CANADA - The national biosecurity specialist with Vetoquinol Canada says pork producers can dramatically reduce the risk of their herds becoming infected by disease by thoroughly cleaning their barns, writes Bruce Cochrane.
Pork producers and veterinarians are relying more and more on stepped up biosecurity and an increased focus on cleaning and disinfecting equipment to reduce the risk of the transmission of disease.
Dave Van Walleghem, the national biosecurity specialist with Vetoquinol Canada, says every pathogen poses a risk.
Dave Van Walleghem-Vetoquinol Canada:
The three main things that bacteria need to grow extensively is organic matter, or food, water and temperature and we have all those 3 ideally in a barn situation so we know that those bacteria and viruses are going to grow extensively, viruses especially because that's where the virus will replicate, through an animal.
All these factors are present in a barn at all times so, for cleaning and disinfecting, the first main thing is remove the animals from the area, take the bulk of the manure or organics out of there.
That's excess feed , manures, dust, all those kind of things out of the area first because they are extensively packed with microbes.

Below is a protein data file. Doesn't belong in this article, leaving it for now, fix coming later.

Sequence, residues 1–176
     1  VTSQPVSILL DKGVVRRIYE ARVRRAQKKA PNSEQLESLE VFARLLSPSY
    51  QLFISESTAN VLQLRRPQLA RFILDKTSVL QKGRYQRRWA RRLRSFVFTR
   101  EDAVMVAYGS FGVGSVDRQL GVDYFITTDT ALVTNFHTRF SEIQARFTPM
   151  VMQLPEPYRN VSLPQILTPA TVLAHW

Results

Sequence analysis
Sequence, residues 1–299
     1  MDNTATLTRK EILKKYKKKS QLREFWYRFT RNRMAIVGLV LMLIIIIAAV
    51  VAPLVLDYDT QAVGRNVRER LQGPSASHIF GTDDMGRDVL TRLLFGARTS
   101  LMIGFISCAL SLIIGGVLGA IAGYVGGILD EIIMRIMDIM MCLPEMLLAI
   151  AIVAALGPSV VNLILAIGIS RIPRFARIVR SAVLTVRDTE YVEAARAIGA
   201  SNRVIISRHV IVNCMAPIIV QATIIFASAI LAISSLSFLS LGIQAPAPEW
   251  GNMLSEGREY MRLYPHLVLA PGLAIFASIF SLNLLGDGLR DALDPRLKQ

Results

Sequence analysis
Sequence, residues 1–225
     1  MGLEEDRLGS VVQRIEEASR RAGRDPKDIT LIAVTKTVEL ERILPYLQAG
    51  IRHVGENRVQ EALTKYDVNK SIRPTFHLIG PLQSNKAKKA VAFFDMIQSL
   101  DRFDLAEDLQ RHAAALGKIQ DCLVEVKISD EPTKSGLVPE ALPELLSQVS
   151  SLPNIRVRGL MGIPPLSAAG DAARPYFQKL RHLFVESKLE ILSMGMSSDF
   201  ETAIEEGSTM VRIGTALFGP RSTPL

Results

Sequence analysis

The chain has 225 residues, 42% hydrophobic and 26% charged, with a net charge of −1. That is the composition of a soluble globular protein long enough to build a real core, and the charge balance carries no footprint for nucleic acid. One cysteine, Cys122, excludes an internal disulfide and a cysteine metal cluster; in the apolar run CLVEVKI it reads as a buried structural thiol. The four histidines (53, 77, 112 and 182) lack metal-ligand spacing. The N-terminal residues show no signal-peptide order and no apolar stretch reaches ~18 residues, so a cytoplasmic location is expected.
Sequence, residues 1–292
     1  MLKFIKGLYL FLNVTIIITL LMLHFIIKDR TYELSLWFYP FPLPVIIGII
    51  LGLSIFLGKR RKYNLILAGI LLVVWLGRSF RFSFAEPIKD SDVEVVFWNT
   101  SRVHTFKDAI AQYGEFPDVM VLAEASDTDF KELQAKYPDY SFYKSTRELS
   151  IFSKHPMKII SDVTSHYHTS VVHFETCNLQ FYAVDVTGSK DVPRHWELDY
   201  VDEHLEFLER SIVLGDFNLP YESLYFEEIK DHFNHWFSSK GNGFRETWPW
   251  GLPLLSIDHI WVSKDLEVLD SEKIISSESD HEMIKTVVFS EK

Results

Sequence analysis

Then spray the area with a good penetrating detergent.
Most of the organics need an alkaline detergent to take them off properly and that gives a better penetration, a better surrounding of the biofilms and lifting of the biofilms off the surfaces.
Timing is that we want to make sure the soap does its work and so we want to leave it on the surface as long possible, as long as the detergent is still moist.
In other words it's still in its working state and then wash it off at that point.
Most of the time we recommend at least 10 minutes and we have seen it up to half an hour to an hour or two of a detergent still staying wet at that point.
Van Walleghem says those are the three simple steps to making sure the ban has been cleaned and disinfected.
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